The car light has developed rapidly over the past decades. But the possibilities of LED, OLED and digitization are far from being exhausted.
In the past two decades, Audi has repeatedly ignited evolutionary stages in lighting technology. LED, matrix, laser light, wiper flasher or projector technology have provided more functions and safety and at the same time sharpened the brand's design identity. The company intends to remain true to this tradition in the future and to further develop its headlights, daytime running lights and reflectors. The Ingolstadt-based company sees great potential in LED and OLED technology as well as the digitization of light, which will open up many new possibilities in functionality, communication and design.
Light as a means of communication
The introduction of the digital matrix light and the digital OLED are considered to be important evolutionary stages in the recent past at Audi. Among other things, this digitalization has ushered in a change of perspective for the developers: “Up to now, it was about light for the driver so that he has optimal light. And now it's really going in the direction of visual communication, in order to enter into communication with other road users, with pedestrians, with cyclists, ”says Stephan Berlitz, head of the lighting development department at Audi.
An already established and quite simple example of this light communication is the wiper indicator, which, through its animation, illustrates the turn request in a universally understandable way. The digital matrix LED headlights that Audi introduced in the E-Tron electric SUV in 2019, however, allow significantly more options. It has a chip the size of a fingernail with 1,3 million pixels, which, when illuminated by high-performance LEDs, can even project high-resolution black and white videos onto walls. Here, the user already has the option of choosing between different sequences for locking and unlocking.
Warning notices on the road
That may sound like a gimmick, but technology offers far-reaching opportunities for interaction and security. A possible example would be the projection of navigation instructions onto the lane, which not only clearly specifies the direction for the driver, but at the same time could make the turning request and the precise direction of travel clear to other road users. Warnings for other road users can also be projected onto the road with high-resolution headlights. The lighting designers have changed their focus accordingly. Instead of just designing light objects, they are now working on new forms of lighting language.
The number of variable light points will also increase with daytime running lights, which, in addition to more striking signatures in the front, will also increase the potential for customization. There will not only be light signatures that differ according to type within a series or that adapt to the current driving style, but also take into account the individuality of the driver. "In the future, digitalization will even allow customers to express their own light signature and personal taste," says Audi's top lighting designer César Muntada.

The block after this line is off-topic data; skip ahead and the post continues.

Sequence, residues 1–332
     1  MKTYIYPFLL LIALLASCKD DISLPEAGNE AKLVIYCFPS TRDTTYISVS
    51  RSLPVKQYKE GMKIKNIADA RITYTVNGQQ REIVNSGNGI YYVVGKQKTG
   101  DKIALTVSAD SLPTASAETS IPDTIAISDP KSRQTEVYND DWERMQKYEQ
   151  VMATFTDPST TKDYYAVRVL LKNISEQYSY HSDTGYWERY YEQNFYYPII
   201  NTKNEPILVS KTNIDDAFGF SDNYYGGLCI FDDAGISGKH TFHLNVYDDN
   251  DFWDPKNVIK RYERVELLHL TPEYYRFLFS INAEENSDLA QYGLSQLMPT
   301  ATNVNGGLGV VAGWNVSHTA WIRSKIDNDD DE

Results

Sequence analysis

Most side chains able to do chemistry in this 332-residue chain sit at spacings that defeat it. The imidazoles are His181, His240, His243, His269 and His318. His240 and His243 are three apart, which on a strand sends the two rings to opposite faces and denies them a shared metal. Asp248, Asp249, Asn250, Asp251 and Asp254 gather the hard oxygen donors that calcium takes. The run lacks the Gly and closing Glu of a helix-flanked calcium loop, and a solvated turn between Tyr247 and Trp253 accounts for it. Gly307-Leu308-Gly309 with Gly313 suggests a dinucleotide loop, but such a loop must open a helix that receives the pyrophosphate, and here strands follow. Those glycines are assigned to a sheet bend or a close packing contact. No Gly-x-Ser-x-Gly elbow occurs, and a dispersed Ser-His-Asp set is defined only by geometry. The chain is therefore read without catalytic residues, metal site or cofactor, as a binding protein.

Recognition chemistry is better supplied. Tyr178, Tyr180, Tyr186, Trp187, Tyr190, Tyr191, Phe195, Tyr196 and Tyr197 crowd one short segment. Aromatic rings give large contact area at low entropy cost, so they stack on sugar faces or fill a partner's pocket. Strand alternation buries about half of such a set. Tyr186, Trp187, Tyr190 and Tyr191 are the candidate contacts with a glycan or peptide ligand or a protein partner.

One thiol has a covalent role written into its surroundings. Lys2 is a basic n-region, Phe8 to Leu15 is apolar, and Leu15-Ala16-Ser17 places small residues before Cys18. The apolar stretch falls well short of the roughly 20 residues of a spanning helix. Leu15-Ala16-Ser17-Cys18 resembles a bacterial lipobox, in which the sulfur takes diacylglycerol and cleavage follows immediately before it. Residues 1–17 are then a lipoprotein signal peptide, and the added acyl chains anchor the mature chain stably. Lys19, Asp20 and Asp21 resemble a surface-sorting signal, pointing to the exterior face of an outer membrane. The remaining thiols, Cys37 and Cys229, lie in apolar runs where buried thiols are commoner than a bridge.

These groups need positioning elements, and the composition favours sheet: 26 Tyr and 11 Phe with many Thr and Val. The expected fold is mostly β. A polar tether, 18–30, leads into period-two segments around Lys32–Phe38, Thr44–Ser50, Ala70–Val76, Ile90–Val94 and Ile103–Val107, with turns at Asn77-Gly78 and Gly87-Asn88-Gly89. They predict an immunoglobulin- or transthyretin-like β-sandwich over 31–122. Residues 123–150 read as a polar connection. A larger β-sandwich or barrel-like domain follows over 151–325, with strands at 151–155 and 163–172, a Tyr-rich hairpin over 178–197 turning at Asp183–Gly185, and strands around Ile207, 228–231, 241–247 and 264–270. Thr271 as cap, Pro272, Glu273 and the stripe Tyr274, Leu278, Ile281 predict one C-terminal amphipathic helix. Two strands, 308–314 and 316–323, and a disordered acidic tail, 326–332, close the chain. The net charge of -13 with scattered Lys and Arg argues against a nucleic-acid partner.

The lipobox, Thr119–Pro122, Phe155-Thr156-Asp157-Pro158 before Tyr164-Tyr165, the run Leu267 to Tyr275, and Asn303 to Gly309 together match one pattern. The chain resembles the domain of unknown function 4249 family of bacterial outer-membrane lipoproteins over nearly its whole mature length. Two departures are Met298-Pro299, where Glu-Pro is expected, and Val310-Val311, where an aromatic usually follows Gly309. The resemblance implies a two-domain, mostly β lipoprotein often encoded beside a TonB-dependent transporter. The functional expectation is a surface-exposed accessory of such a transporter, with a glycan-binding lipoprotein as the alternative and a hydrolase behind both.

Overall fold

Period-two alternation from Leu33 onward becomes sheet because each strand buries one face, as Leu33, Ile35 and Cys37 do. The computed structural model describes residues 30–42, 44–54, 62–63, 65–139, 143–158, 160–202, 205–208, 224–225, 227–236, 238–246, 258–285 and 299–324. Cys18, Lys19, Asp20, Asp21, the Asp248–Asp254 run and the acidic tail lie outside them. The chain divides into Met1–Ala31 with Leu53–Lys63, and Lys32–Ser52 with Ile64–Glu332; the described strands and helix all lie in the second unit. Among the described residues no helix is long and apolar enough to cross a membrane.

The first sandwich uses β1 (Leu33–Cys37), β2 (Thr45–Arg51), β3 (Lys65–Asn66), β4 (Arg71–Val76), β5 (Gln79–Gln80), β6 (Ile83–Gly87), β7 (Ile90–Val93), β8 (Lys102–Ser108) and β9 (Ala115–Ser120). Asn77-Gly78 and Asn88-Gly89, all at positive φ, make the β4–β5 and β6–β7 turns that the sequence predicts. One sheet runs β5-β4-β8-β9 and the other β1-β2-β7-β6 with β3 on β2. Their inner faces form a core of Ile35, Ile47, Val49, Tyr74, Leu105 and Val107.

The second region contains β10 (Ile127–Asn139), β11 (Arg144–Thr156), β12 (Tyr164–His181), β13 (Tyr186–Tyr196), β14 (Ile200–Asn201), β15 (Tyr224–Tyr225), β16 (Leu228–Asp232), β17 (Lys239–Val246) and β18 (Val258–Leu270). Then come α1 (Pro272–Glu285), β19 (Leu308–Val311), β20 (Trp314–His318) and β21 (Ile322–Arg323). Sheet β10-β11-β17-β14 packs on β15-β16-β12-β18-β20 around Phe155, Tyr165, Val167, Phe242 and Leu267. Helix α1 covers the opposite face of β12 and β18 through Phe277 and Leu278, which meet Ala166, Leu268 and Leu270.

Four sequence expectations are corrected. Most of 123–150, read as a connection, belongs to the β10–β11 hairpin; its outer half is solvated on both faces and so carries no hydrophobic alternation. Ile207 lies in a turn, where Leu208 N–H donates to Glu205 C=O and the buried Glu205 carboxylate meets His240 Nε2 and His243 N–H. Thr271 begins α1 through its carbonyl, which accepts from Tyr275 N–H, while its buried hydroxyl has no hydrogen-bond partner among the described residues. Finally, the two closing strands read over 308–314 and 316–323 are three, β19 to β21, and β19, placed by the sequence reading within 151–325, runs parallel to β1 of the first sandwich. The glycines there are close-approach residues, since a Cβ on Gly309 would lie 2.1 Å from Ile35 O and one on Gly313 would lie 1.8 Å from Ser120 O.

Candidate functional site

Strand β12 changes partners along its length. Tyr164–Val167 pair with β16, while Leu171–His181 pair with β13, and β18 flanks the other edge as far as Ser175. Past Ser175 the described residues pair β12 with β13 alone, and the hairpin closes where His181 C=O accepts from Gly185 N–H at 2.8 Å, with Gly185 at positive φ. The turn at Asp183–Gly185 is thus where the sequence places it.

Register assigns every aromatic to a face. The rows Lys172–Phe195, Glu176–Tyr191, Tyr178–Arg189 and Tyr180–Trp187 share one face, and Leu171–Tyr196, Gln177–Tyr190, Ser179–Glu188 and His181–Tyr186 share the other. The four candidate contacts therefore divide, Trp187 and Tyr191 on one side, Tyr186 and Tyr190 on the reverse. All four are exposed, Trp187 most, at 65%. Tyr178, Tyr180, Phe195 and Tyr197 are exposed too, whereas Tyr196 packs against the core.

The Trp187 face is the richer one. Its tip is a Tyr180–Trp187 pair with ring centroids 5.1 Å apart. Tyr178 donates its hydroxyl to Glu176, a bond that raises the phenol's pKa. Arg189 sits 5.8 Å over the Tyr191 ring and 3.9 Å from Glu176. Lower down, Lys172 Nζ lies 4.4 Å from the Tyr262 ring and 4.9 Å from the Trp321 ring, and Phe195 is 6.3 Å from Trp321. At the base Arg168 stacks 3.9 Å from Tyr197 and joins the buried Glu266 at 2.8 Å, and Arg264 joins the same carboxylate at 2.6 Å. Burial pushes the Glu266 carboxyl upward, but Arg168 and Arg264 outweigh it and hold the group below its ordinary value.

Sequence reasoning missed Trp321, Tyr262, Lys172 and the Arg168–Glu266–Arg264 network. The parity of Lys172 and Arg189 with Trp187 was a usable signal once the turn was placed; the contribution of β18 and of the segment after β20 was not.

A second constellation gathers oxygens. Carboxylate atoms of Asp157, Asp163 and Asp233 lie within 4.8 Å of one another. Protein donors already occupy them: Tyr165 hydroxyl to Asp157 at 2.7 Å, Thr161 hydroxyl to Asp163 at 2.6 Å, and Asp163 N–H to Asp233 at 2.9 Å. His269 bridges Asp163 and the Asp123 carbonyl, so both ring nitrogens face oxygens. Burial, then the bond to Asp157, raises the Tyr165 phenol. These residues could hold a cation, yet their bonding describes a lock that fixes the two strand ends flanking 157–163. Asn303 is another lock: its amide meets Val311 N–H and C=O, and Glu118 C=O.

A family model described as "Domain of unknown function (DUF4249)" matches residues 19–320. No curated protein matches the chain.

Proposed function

Digitization will also have a say in the design of future rear lights, which should also allow more individualization and more communication. The lighting technology of the future at the rear will be the flexible and digital OLED. The division of its flat and homogeneous light surface into small, individually controllable elements - whose light intensity can be regulated and which can also be switched off individually - opens up new degrees of freedom in design and new possibilities for communication.
The latest evolutionary step in series production in OLED development is marked by the rear lights of the Q5, which was revised this year. Here Audi has increased the number of individually controllable elements to 18. Thanks to this relatively high number of controllable segments, several strikingly different light signatures can be displayed. When purchasing the Q5, Audi initially allows customers to choose between three different signatures. An additional signature is displayed in the rear light when the driver changes to dynamic mode. However, the technology is not only used for vanity, but can also be used for new security features. If, for example, a vehicle approaches a Q5 waiting at the traffic lights from behind within less than two meters, all OLED segments are automatically activated as a warning. This is also a simple example of car-to-x communication that is becoming increasingly important.
Symbols in the tail light
As with the front, the resolution will also increase with the OLEDs, which are predestined for rear light applications. In the Q5, the rear lights consist of 3 x 6 controllable elements. Audi is already working on taillights with significantly more individually controllable points. These could be used to display warning triangles or exclamation marks, for example. At the same time, the designers are thinking about developing a universal language of symbols for further warning notices. If authorities are open to such new approaches and laws are adapted accordingly, more safety could be brought to the streets.
The OLEDs currently used are still rigid glass plates. But the designers' wish is to use OLED to go more into three-dimensionality and create sculptures in the future. With thin glass technologies, Audi wants to pave the way to this next OLED level. The goal: to cover the rear end with this new lighting technology. This further increases the possibilities for personalization and communication, which should then also serve for communication for more safety in road traffic. Future OLEDs could thus develop into a sculptural display at the rear.